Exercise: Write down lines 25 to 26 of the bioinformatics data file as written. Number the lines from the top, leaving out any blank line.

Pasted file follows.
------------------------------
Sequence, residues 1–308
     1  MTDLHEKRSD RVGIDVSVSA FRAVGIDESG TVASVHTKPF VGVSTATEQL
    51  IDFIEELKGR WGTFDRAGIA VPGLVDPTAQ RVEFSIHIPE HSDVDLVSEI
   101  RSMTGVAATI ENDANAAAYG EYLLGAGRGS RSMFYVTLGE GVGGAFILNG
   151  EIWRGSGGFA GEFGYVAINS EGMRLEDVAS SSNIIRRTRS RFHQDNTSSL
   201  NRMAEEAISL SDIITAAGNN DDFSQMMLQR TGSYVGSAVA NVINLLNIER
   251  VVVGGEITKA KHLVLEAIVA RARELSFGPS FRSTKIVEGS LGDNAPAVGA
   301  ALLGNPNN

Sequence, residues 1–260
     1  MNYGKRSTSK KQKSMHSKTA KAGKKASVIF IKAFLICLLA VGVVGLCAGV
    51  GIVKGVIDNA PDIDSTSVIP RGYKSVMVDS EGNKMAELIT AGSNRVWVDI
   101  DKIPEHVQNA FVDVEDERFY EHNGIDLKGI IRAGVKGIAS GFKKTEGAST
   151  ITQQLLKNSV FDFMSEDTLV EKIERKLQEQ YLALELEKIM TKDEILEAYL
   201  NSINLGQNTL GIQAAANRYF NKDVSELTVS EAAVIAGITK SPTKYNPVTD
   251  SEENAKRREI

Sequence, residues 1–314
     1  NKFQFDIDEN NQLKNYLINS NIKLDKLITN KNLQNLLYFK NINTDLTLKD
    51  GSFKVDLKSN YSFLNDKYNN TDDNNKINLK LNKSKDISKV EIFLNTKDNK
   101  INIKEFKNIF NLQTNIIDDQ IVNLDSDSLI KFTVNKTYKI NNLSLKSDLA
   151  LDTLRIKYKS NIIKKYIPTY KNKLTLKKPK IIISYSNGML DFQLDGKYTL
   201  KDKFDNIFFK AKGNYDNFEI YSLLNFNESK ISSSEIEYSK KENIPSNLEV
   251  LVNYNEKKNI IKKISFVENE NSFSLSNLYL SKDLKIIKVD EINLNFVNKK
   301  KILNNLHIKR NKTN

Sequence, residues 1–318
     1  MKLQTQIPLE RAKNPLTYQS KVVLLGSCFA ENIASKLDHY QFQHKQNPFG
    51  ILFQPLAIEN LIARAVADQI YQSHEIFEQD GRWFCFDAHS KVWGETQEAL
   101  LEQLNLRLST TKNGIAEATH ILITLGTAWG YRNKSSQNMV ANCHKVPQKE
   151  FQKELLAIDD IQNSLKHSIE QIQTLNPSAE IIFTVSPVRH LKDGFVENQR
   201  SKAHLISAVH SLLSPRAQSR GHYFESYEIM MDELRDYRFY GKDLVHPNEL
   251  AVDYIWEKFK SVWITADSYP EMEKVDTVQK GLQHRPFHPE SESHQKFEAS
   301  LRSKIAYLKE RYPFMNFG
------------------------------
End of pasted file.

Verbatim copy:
     1  MKLQTQIPLE RAKNPLTYQS KVVLLGSCFA ENIASKLDHY QFQHKQNPFG
    51  ILFQPLAIEN LIARAVADQI YQSHEIFEQD GRWFCFDAHS KVWGETQEAL